The gales had turned the Caribbean grey.
Aboard the launch, the scientists huddled under an awning. Gusts swept through the sides. Drops beat down on the canvas. Water swirled around its aluminium poles.
Dr Murdoch shivered as she pulled her sweater around her neck. It was the first time she had worn it in months, and it scratched her throat.
In front of her, Dr Burton was opening a packet of sandwiches. The wax paper crackled as he peeled it away. Munching solemnly, he stared at the pewter waves.
From time to time, both scientists glanced at a screen showing a radar map. It beeped regularly. Dr Murdoch began to tut.
“Not much movement today,” she said.
“I can’t say I blame them,” Dr Burton replied. “I wish I’d stayed at home myself.”
“When the storms come I always worry that it will tear the tracking device off their shells. It’s silly, I know, but I always think it.”
“No worry,” said Dr Burton. “You don’t get to 130 years old by pushing yourself when you don’t want to. Anyway, look, she’s all right. The readings are coming through loud and clear.”
“I know. I can’t believe how much we’ve learned. Who would have thought that a single turtle could migrate so many thousand miles?”
“Migration. We call it that, but maybe it’s nothing of the sort. We tracked the turtle and we plotted its route, but migration – that’s just interpretation. Why do we always assume that wild animals know exactly where they’re going?”
“The turtle did the same route twice,” Dr Murdoch insisted.
“Maybe it got lost once, and has been going round and round in circles ever since.”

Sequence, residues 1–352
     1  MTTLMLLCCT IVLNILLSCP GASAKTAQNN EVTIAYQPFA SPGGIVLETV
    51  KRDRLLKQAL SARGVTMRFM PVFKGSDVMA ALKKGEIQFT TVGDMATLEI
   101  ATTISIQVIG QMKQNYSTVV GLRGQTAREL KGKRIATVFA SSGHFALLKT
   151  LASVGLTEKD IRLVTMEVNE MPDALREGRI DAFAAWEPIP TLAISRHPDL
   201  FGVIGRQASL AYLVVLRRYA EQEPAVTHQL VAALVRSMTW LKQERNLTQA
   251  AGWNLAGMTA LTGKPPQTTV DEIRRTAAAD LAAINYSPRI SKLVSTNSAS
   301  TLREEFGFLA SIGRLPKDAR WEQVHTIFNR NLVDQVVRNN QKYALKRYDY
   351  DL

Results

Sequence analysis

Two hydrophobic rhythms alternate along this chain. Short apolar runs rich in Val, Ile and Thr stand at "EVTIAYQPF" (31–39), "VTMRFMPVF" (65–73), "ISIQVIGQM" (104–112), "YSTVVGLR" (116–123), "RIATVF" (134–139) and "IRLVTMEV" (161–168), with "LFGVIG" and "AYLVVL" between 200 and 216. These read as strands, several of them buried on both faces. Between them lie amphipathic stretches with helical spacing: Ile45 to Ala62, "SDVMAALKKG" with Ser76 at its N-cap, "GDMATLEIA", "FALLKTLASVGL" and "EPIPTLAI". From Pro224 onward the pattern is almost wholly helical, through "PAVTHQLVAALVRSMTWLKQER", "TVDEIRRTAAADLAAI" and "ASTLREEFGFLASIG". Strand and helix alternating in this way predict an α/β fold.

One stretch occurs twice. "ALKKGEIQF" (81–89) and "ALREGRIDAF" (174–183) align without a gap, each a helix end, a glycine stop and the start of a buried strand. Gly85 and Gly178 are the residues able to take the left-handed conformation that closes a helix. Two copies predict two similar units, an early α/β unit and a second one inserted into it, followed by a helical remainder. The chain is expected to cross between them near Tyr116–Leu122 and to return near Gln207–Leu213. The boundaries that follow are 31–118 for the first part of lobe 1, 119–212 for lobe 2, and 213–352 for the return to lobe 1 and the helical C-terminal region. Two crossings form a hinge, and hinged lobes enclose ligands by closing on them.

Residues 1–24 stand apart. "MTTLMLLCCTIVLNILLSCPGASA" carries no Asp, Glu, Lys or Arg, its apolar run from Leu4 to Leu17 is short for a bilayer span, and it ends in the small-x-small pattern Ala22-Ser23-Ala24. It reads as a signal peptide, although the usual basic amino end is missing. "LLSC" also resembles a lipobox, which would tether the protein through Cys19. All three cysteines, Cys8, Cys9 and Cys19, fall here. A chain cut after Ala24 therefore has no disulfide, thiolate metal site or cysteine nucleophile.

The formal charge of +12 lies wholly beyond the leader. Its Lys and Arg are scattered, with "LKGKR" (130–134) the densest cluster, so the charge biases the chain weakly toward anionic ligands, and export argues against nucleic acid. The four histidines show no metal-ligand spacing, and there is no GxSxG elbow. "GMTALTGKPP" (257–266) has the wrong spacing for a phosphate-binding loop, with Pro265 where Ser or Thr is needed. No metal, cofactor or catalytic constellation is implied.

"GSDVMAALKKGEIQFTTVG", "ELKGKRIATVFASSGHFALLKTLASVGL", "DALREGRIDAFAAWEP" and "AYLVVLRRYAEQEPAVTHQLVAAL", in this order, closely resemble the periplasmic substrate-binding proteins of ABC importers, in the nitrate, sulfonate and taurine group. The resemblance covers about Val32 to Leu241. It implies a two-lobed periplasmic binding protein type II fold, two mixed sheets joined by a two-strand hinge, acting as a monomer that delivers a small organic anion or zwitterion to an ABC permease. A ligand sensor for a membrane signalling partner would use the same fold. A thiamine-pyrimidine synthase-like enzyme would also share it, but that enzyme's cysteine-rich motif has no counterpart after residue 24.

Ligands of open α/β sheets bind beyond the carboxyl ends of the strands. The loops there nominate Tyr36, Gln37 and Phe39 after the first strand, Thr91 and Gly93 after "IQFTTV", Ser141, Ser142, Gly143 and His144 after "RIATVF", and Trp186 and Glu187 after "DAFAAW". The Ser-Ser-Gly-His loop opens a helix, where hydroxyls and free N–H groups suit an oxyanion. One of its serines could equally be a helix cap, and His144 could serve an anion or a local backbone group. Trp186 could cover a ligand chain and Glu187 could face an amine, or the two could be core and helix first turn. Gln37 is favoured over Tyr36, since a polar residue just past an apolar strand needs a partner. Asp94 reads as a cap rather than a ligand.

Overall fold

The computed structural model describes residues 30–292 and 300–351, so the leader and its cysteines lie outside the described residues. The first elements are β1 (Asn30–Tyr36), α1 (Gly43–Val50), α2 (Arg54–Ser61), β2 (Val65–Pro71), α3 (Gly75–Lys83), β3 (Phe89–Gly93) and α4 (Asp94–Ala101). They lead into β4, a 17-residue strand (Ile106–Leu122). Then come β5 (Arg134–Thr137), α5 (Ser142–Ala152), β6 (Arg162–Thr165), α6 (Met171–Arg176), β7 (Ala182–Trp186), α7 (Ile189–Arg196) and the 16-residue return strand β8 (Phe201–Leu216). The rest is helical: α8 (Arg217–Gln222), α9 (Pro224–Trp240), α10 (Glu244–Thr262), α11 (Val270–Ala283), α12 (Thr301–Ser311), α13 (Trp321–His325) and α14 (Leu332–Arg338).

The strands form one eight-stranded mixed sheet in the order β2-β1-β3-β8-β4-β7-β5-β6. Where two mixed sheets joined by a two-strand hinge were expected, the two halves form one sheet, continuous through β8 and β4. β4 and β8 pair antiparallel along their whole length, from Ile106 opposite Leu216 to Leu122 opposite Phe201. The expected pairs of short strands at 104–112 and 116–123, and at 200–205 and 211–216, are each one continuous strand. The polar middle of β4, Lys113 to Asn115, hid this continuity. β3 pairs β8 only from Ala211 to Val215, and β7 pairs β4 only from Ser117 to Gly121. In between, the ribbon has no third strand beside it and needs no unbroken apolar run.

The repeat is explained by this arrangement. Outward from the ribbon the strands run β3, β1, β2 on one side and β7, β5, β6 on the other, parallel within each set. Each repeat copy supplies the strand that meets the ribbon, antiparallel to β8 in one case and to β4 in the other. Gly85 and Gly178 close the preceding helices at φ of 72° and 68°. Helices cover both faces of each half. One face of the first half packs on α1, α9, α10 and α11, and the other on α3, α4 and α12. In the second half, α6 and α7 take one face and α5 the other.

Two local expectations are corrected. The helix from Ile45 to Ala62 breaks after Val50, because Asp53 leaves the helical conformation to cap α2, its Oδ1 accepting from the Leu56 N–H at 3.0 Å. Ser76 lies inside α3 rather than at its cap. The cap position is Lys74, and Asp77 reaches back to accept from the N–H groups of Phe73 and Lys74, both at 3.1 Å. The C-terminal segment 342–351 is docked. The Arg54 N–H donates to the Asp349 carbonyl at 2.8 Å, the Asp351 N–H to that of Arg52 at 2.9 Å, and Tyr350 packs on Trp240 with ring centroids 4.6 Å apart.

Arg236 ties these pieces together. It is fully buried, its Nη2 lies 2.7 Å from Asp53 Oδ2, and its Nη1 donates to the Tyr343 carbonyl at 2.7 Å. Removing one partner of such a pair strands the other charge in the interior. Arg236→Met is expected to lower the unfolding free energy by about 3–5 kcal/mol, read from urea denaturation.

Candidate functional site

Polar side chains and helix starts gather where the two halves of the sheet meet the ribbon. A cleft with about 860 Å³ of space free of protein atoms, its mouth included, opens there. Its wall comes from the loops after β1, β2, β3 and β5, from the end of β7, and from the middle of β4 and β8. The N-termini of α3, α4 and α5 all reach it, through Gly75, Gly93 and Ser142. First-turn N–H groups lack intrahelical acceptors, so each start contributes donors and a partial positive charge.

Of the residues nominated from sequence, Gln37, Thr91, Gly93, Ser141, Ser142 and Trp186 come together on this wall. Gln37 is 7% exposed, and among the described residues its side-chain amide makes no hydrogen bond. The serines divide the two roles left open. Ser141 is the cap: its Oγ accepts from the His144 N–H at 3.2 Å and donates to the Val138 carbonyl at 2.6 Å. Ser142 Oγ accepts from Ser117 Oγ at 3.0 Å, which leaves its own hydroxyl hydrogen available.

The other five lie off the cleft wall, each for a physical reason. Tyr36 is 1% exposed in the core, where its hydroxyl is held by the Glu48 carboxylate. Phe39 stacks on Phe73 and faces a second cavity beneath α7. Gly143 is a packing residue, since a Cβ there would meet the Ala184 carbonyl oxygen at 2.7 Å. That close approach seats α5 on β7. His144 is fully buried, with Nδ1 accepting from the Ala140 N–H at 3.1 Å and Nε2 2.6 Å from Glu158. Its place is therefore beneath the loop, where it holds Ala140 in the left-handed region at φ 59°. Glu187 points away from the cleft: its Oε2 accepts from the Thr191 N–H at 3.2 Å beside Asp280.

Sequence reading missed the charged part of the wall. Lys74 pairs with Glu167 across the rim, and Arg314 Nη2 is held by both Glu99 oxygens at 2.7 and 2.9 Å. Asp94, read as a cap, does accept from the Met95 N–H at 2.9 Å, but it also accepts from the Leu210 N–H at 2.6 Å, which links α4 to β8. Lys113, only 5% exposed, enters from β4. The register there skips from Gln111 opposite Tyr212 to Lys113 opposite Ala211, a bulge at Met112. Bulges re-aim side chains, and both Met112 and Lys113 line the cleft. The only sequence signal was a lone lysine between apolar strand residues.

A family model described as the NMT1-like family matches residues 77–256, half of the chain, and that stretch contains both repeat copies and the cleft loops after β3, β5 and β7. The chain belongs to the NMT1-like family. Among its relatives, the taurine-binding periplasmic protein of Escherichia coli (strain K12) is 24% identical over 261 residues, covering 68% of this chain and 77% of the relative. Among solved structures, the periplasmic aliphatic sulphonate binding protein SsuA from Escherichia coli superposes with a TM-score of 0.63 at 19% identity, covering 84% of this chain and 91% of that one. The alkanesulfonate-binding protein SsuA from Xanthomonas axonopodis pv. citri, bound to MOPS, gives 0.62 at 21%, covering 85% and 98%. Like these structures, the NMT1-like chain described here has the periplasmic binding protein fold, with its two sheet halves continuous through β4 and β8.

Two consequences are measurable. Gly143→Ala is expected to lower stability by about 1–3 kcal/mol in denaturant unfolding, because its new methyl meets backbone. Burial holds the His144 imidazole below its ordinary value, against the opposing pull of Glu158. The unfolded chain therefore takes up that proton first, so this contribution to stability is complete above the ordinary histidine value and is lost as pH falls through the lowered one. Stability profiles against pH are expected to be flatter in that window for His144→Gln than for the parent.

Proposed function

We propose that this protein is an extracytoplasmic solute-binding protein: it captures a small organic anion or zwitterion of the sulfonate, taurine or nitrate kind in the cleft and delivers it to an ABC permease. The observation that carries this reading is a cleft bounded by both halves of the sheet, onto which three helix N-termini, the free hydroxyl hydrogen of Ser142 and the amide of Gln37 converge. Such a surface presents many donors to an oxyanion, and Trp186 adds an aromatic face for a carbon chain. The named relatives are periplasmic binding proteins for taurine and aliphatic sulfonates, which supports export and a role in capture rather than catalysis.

“All the others follow it. It can’t be lost. Our data disproves it.”
“As you say.”
“It’s a silly theory anyway, and you know it.”
“No sillier than suggesting that turtles follow the electromagnetic patterns of the earth,” said Dr Burton as he flicked a piece of ham rind out into the ocean.
“I wish this rain would stop,” sighed Dr Murdoch. “Then I wouldn’t have to listen to any more of your insane theories.”
“Oh that’s right. All theories are valid except the most obvious ones.”
“I, for one, look forward to the publication of your academic paper on why the great migrations of the animal kingdom take place just because the species happen to be lost.”
“I’ll fill it with footnotes referring to articles in obscure journals,” added Dr Burton. “That always works.”
On the other side of the boat, the machine pinged on. Dr Murdoch hugged herself and looked out at the downpour as it lashed the heaving waves.
(c) Alastair Savage, 2014
The photo shows a rock that I found off the North Coast of Sardinia, near the town of La Pelosa. I was astonished to see that it looked just like a turtle facing right: with head, beak, mouth and eyes, a long flipper and a curved shell. The ancients might well have crafted a myth around it to explain its petrified form.
Shortly afterwards, I was stung by a jellyfish.